Herb: Himalayan Hazel


Latin name: Corylus ferox


Family: Betulaceae (Birch Family)



Edible parts of Himalayan Hazel:

Seed - raw or cooked. Small with a thick shell, the seed tastes like the common filbert, C. maxima. The seed ripens in mid to late autumn and will probably need to be protected from squirrels. When kept in a cool place, and not shelled, the seed should store for at least 12 months. An edible oil is obtained from the seed.

Description of the plant:



Plant:
Deciduous
Tree

Height:
10 m
(33 feet)

Habitat of the herb:

Forests, 2400 - 3000 metres in the Himalayas. Forests on mountain slopes at elevations of 1500 - 3800 metres in western China.

Other uses of Himalayan Hazel:

Wood - soft, even grained.

Propagation of the herb:

Seed - best sown as soon as it is harvested in autumn in a cold frame. Germinates in late winter or spring. Stored seed should be pre-soaked in warm water for 48 hours and then given 2 weeks warm followed by 3 - 4 months cold stratification. Germinates in 1 - 6 months at 20C. When large enough to handle, prick the seedlings out into individual pots and grow them on in a cold frame or sheltered place outdoors for their first winter. Plant them out into their permanent positions in late spring or early summer. Layering in autumn. Easy, it takes about 6 months. Division of suckers in early spring. Very easy, they can be planted out straight into their permanent positions.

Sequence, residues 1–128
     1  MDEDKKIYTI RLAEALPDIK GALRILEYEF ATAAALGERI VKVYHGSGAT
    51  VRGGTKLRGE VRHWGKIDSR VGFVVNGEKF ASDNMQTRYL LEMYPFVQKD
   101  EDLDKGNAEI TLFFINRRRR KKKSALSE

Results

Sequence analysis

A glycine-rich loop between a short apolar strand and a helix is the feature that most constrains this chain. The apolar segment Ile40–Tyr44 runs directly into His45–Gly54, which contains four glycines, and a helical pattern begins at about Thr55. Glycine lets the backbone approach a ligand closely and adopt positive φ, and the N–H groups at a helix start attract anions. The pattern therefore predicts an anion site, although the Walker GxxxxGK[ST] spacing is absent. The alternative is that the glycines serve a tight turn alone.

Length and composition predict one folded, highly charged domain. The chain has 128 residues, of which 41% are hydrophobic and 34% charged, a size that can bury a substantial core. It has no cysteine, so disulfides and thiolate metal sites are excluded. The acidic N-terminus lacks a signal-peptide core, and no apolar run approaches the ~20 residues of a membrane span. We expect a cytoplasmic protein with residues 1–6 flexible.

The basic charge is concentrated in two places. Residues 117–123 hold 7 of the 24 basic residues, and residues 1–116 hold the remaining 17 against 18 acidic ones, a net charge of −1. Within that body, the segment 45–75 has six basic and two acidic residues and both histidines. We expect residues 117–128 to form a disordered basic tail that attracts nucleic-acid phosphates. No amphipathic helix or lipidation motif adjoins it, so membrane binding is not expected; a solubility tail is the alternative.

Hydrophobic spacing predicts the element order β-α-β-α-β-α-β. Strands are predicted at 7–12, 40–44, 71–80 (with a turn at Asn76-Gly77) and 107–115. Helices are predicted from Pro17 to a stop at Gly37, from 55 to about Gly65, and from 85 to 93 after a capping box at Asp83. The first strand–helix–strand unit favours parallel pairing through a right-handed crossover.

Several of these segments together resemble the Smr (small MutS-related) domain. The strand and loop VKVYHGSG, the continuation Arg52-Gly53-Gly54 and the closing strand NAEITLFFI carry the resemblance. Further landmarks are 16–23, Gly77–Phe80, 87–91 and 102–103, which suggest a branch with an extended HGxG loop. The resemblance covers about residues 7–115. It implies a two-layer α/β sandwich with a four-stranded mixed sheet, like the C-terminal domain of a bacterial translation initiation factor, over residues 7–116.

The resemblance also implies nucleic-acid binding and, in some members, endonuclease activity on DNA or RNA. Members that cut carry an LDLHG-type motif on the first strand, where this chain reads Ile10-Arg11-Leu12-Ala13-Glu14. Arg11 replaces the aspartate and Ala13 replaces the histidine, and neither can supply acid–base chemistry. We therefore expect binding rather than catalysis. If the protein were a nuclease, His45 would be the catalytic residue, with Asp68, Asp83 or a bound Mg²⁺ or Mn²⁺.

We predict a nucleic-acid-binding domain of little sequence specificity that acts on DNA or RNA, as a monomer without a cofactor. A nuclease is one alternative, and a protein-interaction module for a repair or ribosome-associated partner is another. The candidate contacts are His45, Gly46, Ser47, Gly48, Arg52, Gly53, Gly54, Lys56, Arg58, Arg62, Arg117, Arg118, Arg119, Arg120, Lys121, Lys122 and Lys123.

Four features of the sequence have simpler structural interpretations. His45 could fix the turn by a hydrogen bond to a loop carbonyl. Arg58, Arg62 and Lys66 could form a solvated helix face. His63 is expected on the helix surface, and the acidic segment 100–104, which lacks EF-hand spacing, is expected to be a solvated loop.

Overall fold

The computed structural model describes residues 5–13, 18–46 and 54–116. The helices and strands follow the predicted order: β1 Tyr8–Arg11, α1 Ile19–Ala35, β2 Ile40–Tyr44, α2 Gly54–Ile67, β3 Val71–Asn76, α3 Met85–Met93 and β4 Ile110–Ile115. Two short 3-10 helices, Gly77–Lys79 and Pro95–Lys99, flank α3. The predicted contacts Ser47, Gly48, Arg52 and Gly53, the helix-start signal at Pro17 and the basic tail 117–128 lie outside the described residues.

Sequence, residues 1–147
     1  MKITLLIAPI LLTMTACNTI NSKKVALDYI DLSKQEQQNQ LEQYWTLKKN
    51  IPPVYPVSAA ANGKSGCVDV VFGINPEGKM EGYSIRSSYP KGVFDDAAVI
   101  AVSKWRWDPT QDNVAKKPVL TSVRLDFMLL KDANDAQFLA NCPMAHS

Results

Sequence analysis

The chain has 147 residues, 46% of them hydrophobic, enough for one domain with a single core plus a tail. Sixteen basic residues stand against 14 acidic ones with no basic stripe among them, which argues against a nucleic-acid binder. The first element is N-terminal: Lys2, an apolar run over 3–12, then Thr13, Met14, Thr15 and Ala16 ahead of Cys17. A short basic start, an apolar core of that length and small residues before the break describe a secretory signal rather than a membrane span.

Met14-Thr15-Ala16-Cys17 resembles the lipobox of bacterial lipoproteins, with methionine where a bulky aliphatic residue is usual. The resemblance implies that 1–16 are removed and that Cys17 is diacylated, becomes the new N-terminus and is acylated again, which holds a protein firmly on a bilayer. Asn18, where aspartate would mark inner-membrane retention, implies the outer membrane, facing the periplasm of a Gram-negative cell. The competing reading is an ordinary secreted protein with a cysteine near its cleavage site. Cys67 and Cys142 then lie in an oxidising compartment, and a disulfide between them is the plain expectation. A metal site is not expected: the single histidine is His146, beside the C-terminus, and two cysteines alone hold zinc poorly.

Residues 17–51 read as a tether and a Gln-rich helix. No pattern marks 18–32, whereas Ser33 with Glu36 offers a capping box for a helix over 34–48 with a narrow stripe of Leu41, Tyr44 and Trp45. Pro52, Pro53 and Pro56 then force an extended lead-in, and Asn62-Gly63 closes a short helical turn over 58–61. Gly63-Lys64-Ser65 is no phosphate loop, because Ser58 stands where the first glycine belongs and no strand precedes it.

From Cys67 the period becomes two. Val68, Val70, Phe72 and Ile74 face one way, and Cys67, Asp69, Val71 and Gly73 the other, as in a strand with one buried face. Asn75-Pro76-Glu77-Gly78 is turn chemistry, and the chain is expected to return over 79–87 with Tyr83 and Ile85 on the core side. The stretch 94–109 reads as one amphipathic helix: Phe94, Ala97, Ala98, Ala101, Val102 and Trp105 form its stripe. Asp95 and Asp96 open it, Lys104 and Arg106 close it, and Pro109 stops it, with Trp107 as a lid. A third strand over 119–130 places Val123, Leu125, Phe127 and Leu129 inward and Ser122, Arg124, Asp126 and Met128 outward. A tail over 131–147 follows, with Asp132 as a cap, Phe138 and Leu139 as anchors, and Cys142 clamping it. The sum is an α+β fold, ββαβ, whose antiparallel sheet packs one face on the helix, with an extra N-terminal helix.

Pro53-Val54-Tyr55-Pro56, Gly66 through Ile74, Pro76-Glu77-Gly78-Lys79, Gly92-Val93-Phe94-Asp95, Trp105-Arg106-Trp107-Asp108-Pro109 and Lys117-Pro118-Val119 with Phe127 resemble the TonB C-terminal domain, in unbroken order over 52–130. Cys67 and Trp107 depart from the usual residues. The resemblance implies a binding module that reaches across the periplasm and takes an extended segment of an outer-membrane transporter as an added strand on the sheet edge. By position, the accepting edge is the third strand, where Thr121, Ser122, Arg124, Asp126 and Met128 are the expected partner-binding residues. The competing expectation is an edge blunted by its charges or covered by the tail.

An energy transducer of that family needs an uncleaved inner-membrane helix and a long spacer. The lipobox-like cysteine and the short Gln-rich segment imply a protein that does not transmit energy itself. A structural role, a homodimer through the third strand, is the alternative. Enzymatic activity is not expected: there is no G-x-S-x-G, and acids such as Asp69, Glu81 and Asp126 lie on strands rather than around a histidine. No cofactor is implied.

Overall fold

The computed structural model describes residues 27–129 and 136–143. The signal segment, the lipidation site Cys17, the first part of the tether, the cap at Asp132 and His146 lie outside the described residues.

Cultivation of Himalayan Hazel:

Forests, 2400 - 3000 metres in the Himalayas. Forests on mountain slopes at elevations of 1500 - 3800 metres in western China.

Medicinal use of the herb:

None known

Known hazards of Corylus ferox:

None known

Plant information taken from the Plants For A Future.